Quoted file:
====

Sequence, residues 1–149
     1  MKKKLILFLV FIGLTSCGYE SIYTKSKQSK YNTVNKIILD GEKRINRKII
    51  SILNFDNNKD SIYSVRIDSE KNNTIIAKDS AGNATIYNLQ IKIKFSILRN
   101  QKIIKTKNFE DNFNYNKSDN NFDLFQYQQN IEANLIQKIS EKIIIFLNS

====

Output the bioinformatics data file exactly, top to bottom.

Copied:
Sequence, residues 1–149
     1  MKKKLILFLV FIGLTSCGYE SIYTKSKQSK YNTVNKIILD GEKRINRKII
    51  SILNFDNNKD SIYSVRIDSE KNNTIIAKDS AGNATIYNLQ IKIKFSILRN
   101  QKIIKTKNFE DNFNYNKSDN NFDLFQYQQN IEANLIQKIS EKIIIFLNS